Here are some of the low points:
Trump’s tepid support for marriage equality—the Supreme Court “settled” the issue and he was “fine” with it—was always in conflict with his pledge to name Supreme Court justices from a list pre-approved by two right-wing organizations, the Federalist Society and the Heritage Foundation. The Federalist Society is committed to bringing about right-wing ideological domination in the federal judiciary. And the Heritage Foundation is explicitly committed to waging a multi-faceted campaign to reverse the Supreme Court’s marriage equality ruling. They defiantly insist that the Supreme Court’s ruling—which they denounce as illegitimate—settled nothing.
It’s worth noting that months before Trump’s “fine” comment, he sang a different tune when speaking with the Christian Broadcasting Network. Speaking to that audience, he called the marriage equality ruling “shocking” and said he had been “very much in favor of letting the states decide” whether to let gay people get married. He assured CBN’s David Brody that conservative evangelicals “can trust me on traditional marriage.”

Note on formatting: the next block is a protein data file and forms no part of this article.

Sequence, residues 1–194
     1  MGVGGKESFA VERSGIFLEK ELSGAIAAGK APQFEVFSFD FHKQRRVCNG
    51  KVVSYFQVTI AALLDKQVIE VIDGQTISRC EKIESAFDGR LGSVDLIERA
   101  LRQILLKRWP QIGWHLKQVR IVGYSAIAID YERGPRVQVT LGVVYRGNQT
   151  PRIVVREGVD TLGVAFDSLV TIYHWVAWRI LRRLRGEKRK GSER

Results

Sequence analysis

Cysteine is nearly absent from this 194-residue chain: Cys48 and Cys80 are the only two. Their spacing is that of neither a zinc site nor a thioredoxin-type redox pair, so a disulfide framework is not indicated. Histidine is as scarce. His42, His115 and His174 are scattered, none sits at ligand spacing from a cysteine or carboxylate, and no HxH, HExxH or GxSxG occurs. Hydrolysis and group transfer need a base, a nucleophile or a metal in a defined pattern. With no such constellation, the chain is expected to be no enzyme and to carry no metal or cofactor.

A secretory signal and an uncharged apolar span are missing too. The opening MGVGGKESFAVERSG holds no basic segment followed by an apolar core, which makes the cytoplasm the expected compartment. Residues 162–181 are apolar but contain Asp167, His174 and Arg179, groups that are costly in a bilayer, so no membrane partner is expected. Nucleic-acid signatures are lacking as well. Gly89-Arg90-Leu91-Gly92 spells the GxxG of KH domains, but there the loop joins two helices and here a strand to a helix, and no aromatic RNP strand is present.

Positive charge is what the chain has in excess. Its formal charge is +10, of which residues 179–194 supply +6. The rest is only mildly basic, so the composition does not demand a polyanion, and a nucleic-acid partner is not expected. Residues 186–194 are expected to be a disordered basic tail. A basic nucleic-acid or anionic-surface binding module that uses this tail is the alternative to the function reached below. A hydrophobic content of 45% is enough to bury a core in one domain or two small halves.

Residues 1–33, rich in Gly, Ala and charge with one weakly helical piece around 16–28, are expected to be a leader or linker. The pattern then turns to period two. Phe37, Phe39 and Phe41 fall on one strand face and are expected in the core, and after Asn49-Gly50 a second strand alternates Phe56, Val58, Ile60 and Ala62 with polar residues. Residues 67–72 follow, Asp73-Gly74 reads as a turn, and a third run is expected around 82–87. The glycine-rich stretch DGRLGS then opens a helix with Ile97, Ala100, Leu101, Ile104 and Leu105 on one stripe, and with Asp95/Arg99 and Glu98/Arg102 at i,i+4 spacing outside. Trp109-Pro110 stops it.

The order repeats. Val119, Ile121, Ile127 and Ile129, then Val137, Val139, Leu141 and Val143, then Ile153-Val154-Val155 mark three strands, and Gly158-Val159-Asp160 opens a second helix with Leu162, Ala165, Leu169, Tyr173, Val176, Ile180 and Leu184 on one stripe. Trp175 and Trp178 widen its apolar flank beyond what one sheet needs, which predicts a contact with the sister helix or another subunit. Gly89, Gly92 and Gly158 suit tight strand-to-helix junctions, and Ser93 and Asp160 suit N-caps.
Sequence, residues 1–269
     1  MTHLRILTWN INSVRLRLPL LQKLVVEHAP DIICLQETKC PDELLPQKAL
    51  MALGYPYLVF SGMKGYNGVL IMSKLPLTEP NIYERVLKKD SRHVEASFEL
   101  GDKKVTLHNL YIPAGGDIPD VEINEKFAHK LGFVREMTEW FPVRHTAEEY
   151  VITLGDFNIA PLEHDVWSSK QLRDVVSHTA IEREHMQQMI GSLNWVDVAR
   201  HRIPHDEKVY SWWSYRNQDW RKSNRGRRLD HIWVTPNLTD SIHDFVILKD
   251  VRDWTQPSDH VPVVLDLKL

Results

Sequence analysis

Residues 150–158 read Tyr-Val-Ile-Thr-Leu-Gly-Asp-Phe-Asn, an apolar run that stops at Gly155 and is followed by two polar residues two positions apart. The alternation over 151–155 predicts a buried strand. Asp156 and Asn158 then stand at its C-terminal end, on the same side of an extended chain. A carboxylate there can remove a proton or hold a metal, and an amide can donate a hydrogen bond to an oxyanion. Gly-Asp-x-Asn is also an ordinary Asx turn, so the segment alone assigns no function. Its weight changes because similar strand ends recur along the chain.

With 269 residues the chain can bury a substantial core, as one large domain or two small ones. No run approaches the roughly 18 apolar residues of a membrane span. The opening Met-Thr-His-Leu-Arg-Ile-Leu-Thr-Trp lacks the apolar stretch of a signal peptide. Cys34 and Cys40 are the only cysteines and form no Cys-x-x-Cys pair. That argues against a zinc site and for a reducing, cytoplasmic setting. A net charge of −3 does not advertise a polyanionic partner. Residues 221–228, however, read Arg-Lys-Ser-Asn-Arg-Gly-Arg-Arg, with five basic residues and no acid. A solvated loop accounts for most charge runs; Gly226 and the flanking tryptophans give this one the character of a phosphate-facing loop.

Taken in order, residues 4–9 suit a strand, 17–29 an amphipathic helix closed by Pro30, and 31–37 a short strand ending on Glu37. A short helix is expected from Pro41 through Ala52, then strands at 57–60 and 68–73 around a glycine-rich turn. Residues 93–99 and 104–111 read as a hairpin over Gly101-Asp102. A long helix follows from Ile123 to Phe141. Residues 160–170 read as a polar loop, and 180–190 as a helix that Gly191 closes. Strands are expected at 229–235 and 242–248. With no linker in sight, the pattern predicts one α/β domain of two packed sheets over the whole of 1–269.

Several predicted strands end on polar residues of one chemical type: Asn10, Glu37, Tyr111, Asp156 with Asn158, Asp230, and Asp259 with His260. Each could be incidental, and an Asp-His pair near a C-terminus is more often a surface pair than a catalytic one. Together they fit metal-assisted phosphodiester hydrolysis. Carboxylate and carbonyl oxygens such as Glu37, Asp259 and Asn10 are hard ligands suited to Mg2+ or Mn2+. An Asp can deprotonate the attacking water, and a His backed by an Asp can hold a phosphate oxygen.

Trump had pledged to fill the Supreme Court seat left vacant for more than a year by Antonin Scalia’s death—and Republican senators’ unconscionable refusal to even consider President Barack Obama’s nominee—with a judge in the mold of the intensely anti-gay Scalia. The Religious Right was thrilled with the nomination of Neil Gorsuch, who showed his stripes with an ideologically strident but legally and logically flawed dissent in a case involving the rights of gay parents. Shannon Minter, a prominent LGBTQ legal advocate, accused Gorsuch of “deliberately trying to muddy the waters” and “trying to provide a road map for hostile state courts” to treat same-sex couples differently from other married couples.
Among Trump’s other awful nominees for lifetime jobs on the federal bench: Matthew Kacsmaryk, deputy general counsel at First Liberty Institute, who opposes anti-discrimination protections for LGBTQ people; Damien Schiff, who slammed an anti-bullying program for promoting the “homosexual lifestyle”; and Jeff Mateer, who called transgender children part of “Satan’s plan.” Mateer’s nomination was withdrawn after it faced intense criticism.